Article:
1. Why might this [topic, question] matter to me?
  2. Why might it matter to people around me [family, friends, city, nation]?
  3. Why might it matter to the world?

This routine ensures that students first establish a personal connection to the issue at hand. Students are then asked to switch perspectives and step into the shoes of the people and the world around them. This thinking routine aligns well with cognitive flexibility strategies featured in the SMARTS curriculum, such as the “I’m Wearing Your Shoes” lesson.

For both the elementary and secondary SMARTS curriculum, the lesson focus sorter (available under “tools” when logged in to SMARTS) is a great resource for selecting lessons that address areas such as flexible thinking, perspective taking, self-advocacy, social awareness, and self-understanding.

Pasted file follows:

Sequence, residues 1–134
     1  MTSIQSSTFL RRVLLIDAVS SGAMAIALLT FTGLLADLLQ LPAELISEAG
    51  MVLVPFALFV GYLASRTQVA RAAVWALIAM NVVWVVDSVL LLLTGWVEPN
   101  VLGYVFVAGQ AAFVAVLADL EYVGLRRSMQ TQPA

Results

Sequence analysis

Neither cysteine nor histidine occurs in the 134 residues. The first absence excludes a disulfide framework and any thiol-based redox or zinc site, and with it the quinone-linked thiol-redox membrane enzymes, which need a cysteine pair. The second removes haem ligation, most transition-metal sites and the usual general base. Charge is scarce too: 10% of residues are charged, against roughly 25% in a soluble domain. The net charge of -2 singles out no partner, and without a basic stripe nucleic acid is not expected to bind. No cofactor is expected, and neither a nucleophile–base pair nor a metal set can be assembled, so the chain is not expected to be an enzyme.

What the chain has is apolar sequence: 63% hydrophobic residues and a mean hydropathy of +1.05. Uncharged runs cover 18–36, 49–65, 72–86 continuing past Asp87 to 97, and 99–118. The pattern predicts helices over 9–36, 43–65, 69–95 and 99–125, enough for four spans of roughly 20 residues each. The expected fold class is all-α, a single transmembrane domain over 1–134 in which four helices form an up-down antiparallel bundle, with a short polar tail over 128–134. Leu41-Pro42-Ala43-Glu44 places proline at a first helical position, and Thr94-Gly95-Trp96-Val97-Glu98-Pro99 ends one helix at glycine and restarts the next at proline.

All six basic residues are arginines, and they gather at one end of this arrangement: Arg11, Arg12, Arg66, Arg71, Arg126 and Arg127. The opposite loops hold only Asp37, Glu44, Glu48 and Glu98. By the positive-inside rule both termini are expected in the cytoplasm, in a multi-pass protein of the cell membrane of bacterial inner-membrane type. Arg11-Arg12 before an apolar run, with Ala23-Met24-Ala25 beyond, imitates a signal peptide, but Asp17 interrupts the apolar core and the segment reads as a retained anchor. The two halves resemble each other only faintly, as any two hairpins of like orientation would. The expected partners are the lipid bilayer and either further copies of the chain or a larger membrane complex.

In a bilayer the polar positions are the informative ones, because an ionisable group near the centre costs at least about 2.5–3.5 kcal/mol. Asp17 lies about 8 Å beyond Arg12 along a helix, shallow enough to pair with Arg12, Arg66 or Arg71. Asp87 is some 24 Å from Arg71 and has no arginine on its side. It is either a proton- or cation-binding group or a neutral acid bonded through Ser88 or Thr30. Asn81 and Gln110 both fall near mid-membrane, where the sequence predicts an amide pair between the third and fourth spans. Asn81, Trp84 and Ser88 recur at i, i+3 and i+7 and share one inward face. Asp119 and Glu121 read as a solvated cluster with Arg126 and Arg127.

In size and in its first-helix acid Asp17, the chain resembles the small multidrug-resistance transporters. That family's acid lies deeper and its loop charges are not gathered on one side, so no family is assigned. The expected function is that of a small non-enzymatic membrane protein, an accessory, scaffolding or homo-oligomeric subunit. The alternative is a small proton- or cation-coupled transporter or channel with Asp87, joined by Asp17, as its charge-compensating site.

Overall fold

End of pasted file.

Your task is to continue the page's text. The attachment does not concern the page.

For more information on global citizenship, check out these resources: 

  • Caitlin Vanderberg, M.Ed., SMARTS Associate

SMARTS Executive Function Curriculum: smarts-ef.org

Research Institute for Learning and Development: researchild.org

The Institute for Learning and Development: ildlex.org

Categories
Metacognition Quick Tip Reading Comprehension

Metacognition and Reading Comprehension

Teaching students to become active readers and monitor their comprehension is an important part of becoming a successful reader.

For many readers, the process of decoding is taxing and can interfere with comprehension. When students think about their thinking and pay attention to the story that is developing in their head as they read, they can more actively check their comprehension and seek help resolving any inconsistencies.